Group A Beta Strep Incubation Time

Jim Mau elgusano at lapalapa.com
Sat Sep 20 11:37:16 EST 1997


Stephanie Corbitt wrote:
> 
> Lynn Gerber wrote:
> 
> > There is a bit of controversy at our laboratory as to the length of
> > time a
> > culture for group A beta strep should be incubated.  We are using a
> > selective strep media which inhibits much of the normal flora.  The
> > controversy is whether the negative plates should be kept for more
> > than 24
> > hours.  In Bailey and Scott's Diagnostic Microbiology, 9th edition, it
> >
> > states that overnight incubation can be used for presumptive
> > identification.  No references are given.  Anyone out there have any
> > opinions, references, etc. regarding this topic?
> > Lynn Gerber
> 
> Dear Lynn,
> 
>     Group A Strep is easily identifiable on blood agar plates.  After an
> incubation period of 18-24 hours,  small pinpoint colonies that are beta
> hemolytic (complete hemolysis of RBCs & hemoglobin) can be easily
> observed.  I am not sure what type of selective strep media you are
> using, but if Strep is suppose to utilize some ingredient of your
> selective media and grow within an overnight (24 hour) incubation and
> you are unable to identify colonies after the 24 hours then the cultures
> should be considered negative for Group A Strep and no additional
> incubation period should be considered.    However, something could be
> wrong with your media.  If you are not culturing your Strep samples on
> blood agar,  maybe you should consider using both types of media  to see
> if there is some kind of problem with your selective media or if it is
> just that your samples do not contain Group A Strep.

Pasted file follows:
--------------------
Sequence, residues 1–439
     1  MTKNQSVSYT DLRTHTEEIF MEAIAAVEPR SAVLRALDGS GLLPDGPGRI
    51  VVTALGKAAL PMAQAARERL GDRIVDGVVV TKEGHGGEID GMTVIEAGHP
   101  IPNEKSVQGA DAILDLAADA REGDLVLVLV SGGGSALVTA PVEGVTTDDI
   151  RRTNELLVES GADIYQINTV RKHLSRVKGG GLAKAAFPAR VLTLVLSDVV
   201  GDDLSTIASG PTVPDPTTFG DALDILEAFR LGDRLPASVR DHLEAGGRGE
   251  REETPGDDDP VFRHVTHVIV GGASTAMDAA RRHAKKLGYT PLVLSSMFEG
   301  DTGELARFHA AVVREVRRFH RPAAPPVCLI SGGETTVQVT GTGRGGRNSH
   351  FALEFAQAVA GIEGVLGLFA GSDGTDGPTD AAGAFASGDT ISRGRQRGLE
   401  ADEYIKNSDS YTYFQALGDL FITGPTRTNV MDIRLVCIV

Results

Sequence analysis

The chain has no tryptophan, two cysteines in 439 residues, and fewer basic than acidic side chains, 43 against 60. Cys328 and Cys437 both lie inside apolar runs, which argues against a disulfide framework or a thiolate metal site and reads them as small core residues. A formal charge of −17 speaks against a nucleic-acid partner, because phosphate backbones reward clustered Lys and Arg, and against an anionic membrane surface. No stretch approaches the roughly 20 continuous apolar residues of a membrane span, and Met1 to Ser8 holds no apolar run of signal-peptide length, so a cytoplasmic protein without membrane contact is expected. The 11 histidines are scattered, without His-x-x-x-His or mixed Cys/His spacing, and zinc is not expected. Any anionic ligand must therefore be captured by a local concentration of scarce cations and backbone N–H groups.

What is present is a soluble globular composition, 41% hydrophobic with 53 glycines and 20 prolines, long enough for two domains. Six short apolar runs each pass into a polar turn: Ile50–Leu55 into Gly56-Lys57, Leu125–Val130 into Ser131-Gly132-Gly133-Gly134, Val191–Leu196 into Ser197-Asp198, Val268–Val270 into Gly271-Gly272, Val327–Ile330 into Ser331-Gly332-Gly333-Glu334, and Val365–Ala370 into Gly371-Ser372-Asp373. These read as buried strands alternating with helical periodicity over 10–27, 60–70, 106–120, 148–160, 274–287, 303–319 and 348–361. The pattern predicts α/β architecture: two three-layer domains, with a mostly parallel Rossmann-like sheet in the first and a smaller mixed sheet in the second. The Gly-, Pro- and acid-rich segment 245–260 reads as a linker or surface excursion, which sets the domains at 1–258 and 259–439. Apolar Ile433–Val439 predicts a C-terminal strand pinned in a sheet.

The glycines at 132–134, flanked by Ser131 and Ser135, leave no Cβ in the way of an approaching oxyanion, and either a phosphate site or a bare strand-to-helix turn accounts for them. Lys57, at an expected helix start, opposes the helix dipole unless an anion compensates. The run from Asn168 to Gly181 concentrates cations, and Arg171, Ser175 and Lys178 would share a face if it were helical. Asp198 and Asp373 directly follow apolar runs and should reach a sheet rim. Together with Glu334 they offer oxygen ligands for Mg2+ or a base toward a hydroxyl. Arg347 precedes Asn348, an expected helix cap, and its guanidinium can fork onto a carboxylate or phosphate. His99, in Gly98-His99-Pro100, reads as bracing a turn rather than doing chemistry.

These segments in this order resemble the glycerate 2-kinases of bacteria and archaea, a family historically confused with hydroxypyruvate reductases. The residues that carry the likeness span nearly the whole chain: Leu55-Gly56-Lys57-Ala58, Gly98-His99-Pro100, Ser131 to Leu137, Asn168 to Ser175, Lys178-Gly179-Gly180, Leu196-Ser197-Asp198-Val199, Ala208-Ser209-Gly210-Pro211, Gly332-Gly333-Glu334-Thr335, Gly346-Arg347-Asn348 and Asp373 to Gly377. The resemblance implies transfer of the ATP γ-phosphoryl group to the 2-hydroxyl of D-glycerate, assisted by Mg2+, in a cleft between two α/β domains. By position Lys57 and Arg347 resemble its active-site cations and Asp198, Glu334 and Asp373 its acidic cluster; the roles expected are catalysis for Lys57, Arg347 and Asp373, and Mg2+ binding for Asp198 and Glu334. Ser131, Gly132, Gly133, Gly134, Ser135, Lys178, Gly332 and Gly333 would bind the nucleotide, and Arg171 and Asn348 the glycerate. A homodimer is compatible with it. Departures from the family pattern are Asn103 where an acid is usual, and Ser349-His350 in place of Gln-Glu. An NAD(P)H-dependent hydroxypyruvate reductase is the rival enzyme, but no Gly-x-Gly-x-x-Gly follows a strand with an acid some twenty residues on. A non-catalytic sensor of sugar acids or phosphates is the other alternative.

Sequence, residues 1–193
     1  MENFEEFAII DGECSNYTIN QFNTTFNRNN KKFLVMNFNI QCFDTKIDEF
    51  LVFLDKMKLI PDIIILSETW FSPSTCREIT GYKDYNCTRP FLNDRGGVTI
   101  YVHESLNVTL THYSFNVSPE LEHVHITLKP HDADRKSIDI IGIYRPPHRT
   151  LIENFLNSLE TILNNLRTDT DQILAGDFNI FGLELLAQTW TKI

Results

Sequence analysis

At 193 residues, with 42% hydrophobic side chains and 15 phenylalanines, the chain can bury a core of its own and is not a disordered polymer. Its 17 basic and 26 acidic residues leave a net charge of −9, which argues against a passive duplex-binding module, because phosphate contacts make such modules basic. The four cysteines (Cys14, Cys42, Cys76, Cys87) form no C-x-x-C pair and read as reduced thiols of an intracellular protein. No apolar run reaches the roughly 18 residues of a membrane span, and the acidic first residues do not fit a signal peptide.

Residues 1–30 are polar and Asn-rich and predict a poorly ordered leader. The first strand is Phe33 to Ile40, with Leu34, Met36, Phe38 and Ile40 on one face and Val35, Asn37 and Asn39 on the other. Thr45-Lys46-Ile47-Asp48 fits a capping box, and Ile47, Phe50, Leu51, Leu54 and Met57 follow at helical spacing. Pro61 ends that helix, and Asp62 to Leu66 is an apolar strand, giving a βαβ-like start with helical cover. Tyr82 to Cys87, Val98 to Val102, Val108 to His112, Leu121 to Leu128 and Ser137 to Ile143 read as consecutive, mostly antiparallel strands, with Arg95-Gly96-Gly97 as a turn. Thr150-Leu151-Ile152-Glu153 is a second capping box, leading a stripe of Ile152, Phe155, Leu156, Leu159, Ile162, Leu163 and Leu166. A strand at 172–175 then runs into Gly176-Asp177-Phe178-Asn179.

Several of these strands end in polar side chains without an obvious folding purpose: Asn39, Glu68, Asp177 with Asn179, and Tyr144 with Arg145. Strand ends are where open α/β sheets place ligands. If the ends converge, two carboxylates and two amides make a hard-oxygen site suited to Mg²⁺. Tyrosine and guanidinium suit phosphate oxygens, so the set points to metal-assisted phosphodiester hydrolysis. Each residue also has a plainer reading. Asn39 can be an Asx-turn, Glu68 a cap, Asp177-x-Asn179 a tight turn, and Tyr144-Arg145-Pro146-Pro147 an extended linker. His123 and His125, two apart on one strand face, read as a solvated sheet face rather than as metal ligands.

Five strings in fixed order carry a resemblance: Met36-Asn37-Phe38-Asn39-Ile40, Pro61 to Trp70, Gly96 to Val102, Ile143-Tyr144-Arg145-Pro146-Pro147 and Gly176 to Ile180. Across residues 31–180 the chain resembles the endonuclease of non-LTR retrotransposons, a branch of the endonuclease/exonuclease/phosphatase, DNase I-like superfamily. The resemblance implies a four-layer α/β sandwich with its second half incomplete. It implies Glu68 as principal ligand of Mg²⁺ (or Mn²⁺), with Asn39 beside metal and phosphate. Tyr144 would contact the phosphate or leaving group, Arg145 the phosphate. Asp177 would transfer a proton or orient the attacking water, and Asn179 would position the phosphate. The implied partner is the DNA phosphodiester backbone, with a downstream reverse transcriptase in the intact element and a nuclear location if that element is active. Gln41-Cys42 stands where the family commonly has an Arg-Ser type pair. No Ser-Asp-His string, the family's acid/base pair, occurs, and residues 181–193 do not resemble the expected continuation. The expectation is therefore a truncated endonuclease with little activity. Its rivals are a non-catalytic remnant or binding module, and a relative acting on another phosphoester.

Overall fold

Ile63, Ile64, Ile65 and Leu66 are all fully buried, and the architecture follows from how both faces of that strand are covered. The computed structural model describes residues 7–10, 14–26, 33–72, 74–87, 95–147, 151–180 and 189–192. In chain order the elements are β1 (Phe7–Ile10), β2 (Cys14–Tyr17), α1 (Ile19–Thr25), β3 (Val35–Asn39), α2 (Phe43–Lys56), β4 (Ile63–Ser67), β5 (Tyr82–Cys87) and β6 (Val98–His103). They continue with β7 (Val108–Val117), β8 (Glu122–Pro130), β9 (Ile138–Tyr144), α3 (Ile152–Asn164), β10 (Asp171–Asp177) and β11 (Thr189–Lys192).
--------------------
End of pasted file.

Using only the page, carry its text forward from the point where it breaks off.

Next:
> 
> Steph


	The current issue of 'Clinical Infectious Diseases' (CID 1997;24 Sept.
p.574-583), Journal of the Infectious Diseases Society of America, has
published a set of practice guidelines for the diagnosis and management
of Group A Streptococcal Pharyngitis.  It states: "Throat swab specimens
should be obtained from the surface of both tonsils (or tonsillar
fossae) and the posterior pharyngeal wall.  Other areas of the
oropharynx and mouth are not acceptable sites for sampling,..."  The
guideline then goes on to state: "Once plated, cultures should be
incubated at 35 -37C for 18-24 hours before they are read.  However,
additional overnight incubation at room temperature allows
identification of a considerable number of positive throat cultures that
would not otherwise be identiified.  Thus, while initial therapeutic
decisions may be made on the basis of the results of an overnight
culture, it is advisable to reexamine plates at 48 hours that are
negative at 24 hours ..."  Reference cited is: Kellogg JA. Suitability
of throat culture procedures for detection of group A streptocci and as
reference standards for evaluation of streptococcal antigen detection
kits. J Clin Microbil 1990; 28:165-9.

Q. Are you collecting your specimen as discribed above?  If you are not
collecting your specimen correctly (say, as discribed above), and are,
for example, just touching the back of the throat, you will greatly
reduce the sensitivity of your methodology and potentially, the
reporting out of a false negative. Be sure to follow explicitly the
manufacturers directions on collection and methodology. These are the
conditions under which the product was developed and approved (read
'Cleared') for the indicated use. Not all products are necessarily the
same.


JLM
________________________________________________________________________________________
James L. Mau, Biologist					Phone:	619-435-6904
Industry Consultant
Infectious & Parasitic Diseases
BME International					Fax:	619-435-7792
431 Country Club Lane
Coronado, CA  92118



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